Blog Education Hypnosis NLP

First Online Self-Hypnosis Course Completed!

self-hypnosis-300x225I did my first online training over the last three weeks by running a self-hypnosis course using a web-meeting system called AnyMeeting. Naturally, we had glitches along the way in the form of audio problems and other connectivity issues. Still, the power of modern technology
never fails to amaze me. It is now possible to learn pretty much anything that you want as long as you have a decent Internet connection.

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NLP Festival 2015

If you haven’t heard about the NLP Festival 2015 yet, please check out the webpage. It’s going to be a really great event full of fun and learning. We have Martin Gustaffson, a master trainer of NLP, coming in from Sweden. There will be lessons in Self-hypnosis, workshops on state management, marketing NLP skills and more. And of course, on Saturday night, we will have the big social event with music, dancing, crystal bowls, and trancing. See you in Nagoya at the end of October.

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Interview with Richard Davies
Thanks to Richard Davies for interviewing me for his web program. It was a really fun interview in which we tried to define NLP and returned to the old Robert Dilts definition of “the study of the structure of Subjective Experience”. We also addressed the question of why NLP is not therapy, and how it can be used as a therapeutic tool. Lots of fun stuff here.

Blog NLP Reviews

Review: The Origins of NLP

51hg4YTDSUL._SX331_BO1,204,203,200_The Origins of NLP is a wonderful insight into the madness and chaos and genius of early NLP. I think that anyone who is serious about NLP would get a lot out of it.

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MBTI – Dealing with INTP Procrastination

In the past, I have written about MBTI (the Myers Briggs Type Indicator). This is a very commonly used test used to determine cognitive style and also called a ‘personality test’. The MBTI parameters are also used as the first four metaprograms in the field of NLP. In this post, I look at how MBTI can be used to understand and deal with problems like procrastination.

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Review: Heart of the Mind

Title: Heart of the Mind
Authors: Connirae Andreas and Steve Andreas
Published: 1989
For me, this is one of the classic NLP books, a beautifully written and very accessible book that explains so many of the key processes in NLP. It is full of real-life examples, and probably most importantly it has many transcripts of actual client sessions and the kind of change language that is assumed but not actually used in many NLP books.

Blog Education NLP

GOAL Textbook for EFL Students

Ben Backwell and I just completed a new textbook aimed at teaching goal-setting skills to university students in Japan. We are very happy with the way the book has turned out. It takes students on a semester-long journey starting with their dreams, changing these into actionable goals, and achieving each step through action plans.  Along the way, students learn great skills like creating good habits, state management, and much more.
The book is due back from the printer next week, so I will be posting more details at that point.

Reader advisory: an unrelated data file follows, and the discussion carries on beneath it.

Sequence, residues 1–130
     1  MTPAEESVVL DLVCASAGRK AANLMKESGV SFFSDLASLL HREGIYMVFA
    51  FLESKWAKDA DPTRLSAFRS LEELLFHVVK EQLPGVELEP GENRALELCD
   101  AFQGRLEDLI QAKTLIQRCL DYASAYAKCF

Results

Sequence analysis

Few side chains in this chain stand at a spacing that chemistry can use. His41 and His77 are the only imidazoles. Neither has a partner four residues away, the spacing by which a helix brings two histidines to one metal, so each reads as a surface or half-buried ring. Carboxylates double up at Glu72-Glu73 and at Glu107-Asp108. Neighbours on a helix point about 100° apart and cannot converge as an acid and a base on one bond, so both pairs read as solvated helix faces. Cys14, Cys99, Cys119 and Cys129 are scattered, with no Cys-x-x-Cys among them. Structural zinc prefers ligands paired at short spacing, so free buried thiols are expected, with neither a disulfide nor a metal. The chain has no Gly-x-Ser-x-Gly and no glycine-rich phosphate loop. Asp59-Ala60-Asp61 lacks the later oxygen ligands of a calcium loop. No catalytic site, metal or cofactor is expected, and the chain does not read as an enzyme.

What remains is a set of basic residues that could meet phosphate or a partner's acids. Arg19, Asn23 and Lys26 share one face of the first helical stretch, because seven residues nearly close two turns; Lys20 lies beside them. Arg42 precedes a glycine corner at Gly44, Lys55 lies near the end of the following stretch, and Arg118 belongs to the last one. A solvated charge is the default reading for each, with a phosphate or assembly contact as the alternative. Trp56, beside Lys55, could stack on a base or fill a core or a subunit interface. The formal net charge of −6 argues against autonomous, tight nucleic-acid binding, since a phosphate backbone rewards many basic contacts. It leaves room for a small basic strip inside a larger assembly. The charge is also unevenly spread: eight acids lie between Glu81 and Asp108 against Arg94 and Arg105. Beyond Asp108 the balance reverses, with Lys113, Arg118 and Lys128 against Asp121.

Blog Hypnosis NLP Reviews

Review: Fundamentals of Ericksonian Hypnotherapy : A 13-hour Course with the Masters

This is a fine collection of five videos (a total of 13 hours) about Ericksonian hypnosis and is  recommended for anyone who wants to take their knowledge of Ericksonian hypnosis beyond the Milton Model and to explore the richness of Ericksonian work that has not been integrated into NLP.
There is so much on these videos including inductions, accessing resources, deepening trance, utilizing trance, and so much more. I particularly enjoyed Stephen Langton and Stephen Gilligan’s sections, but it is all highly useful and I will be watching it again from the beginning.
It appears to be still available here and I have reproduced the description below from that website.
This program was presented at the Tenth International Congress on Ericksonian Approaches to Hypnosis and Psychotherapy, December 2-5, 2007, Phoenix, Arizona
Fundamental Hypnosis – Level 1
Induction Techniques
Stephen Lankton, M.S.W., DAHB
Lecture, demonstration and practice workshop go step-by-step through the phases of trance induction. Differences between well-known methods are explained.
Fundamental Hypnosis – Level 2
Ideodynamic Approaches to Therapeutic Hypnosis
Ernest Rossi, Ph.D.
Group and individual demonstrations of basic ideodynamic approaches to therapeutic hypnosis utilizing Rossi’s innovative activity-dependent work with hand signaling.
Fundamental Hypnosis – Level 3
Getting a Good Trance Going
Betty Alice Erickson, M.S., LPC
Various trance inductions are demonstrated with volunteers. Each induction is discussed with indications for its uses. Differences between formal and conversational trances are demonstrated with rationales for choosing each.
Fundamental Hypnosis – Level 4
Accessing and Contextualizing Resources in Hypnosis
Michael Yapko, Ph.D.
Erickson’s approach typically featured finding hidden personal resources and extending them into situations where they would help the client. This basic but valuable strategy is shown in a video clip of Dr. Erickson. A structured practice session follows.
Fundamental Hypnosis – Level 5
Use of the Therapist’s Self in Hypnotherapy
Stephen Gilligan, Ph.D.
This workshop describes how a therapist can join a client’s reality to hypnotically generate a “therapeutic trance” that includes both the problem and resources, as well as the client’s and the therapist’s perspectives. In this way, a therapeutic trance is one that “transcends yet includes” the client’s problem in a way that allows new freedoms and possibilities.

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Dementors and the Time-Turner

©2011 by Dr. Brian Cullen & Sarah Mulvey